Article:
House inscriptions included: protection concerns, declarations of faith in God, blessings, eulogies, common wisdoms, mottos, proverbs of virtue and vice, historical inscriptions (including notations of wars, floods, fires, famines & epidemics), mysteries, and chronograms.
German building inscription were already very common in the 14th century.
Frequently the building were dated as documentation of the construction or alteration of the structure.
The name of the builders were often included as well as the name of the charpenter responsible for the construction.
Some buildings inscriptions included the reason for the construction or a significant event which occurred at the time of construction.
Other buildings were decorated with secular or religious sayings. Religious sayings often asked God's blessings on the house and those who dwelled in it.
Additional decorations included: flowers, stars, trees, vines, animals, hearts and religious symbols (like the cross) etc.
Abbreviations were also included with reference to religious and other subjects - IHS (for Jesus), MR (for Maria) M (for master).
Numbers were frequently written in Roman numerals or a combination of Roman and Arabic (0,1,2,3,4,5,6,7,8,9) numerals. Roman numerals: I = 1, V = 5, X = 10, L = 50, C = 100, D = 500, M = 1,000)
Chronograms were also employed.
"A chronogram is a sentence or inscription in which specific letters, interpreted as numerals, stand for a particular date when rearranged. The word, meaning "time writing", derives from the Greek words chronos ("time") and gramma ("letter"). In the pure chronogram each word contains a numeral, the natural chronogram shows all numerals in the correct numerical order, e.g. AMORE MATVRITAS = MMVI = 2006.
Alliteration, or the repetition of sounds at the beginning of closely connected words, was another common practice.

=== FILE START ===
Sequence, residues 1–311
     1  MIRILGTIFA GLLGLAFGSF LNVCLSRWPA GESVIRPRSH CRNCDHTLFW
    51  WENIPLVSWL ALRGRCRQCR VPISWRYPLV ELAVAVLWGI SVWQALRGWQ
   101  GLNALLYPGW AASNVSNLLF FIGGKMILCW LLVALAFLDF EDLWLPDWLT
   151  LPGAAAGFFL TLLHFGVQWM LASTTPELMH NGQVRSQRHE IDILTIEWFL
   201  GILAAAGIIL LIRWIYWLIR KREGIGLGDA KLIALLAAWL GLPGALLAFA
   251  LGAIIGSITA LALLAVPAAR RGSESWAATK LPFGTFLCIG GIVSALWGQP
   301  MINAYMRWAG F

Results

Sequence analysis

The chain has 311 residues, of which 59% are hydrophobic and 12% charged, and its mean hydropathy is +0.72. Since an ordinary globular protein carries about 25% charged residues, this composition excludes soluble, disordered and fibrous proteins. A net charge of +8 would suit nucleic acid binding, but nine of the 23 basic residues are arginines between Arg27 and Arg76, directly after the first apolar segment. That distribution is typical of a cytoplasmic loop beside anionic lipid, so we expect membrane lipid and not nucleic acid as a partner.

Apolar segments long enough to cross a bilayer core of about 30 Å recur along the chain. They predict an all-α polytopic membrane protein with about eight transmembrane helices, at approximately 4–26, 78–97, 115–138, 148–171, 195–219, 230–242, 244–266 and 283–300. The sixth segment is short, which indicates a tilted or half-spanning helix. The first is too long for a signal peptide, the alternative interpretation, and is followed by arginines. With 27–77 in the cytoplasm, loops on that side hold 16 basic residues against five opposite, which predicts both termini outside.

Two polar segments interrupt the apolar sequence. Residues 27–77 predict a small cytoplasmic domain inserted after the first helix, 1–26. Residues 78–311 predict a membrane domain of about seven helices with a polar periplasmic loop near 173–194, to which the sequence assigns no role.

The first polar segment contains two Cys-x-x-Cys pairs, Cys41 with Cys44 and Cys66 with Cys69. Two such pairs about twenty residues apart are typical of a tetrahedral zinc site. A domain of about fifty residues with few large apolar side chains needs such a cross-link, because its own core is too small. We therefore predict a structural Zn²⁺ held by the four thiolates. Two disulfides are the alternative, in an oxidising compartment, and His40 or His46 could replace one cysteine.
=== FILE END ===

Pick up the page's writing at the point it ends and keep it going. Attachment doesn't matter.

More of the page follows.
Inscriptions decorated all types of buildings: religious, public, and private houses, including barns, stables, bakehouses, etc.
The inscriptions were mainly employed on the gable. They were carved and then painted. They were written in German in Latin letters - instead of German Gothic letters. This was probably an outgrowth of the fact that in earlier times the inscriptions were written in Latin in Latin letters.
The heyday of the building inscriptions was in the 16th century.
Woodworking in general has a strong tradition in Germany.
The general construction of barns and houses was post and beam timber frame with brick or plaster inserts.
Ornamentation depended, in part, on the relative wealth of the inhabitants.
1865 Description of a Lippe Farmhouse Interior
The Sacristan's Household, a story in Saint Pauls Magazine, Volume 2 edited by Anthony Trollope discribes the interior of a Lippe farm in 1865:
The whole centre of the building is a large and lofty barn, piled high with hay and straw and store of grain. It is, too, a storehouse for farm implements, and so huge are its proportions, that a harvest waggon laden with sheaves, and drawn by three or four sturdy horses, can pass easily through the doorway, and stand beneath its ample shelter. From the barn, which entirely occupies the central length and breadth of the building, is the only possible ingress to the dwelling-house. On the right hand and on the left are doors and windows giving access to the living and sleeping rooms of the family. Nearly all tho light and air which reaches these apartments gains admission through the wide-open double doors of the barn. Nearly all the light and air; but in the special dwelling which I am endeavoring to describe there was a range of small lattice casements under the caves, into which the last low rays of the setting sun managed to penetrate. The majority of these barn-dwellings have absolutely no exterior windows whatsoever. And the existence of Farmer Lehmann's casements was by many persons considered to be rather a disadvantage than an advantage.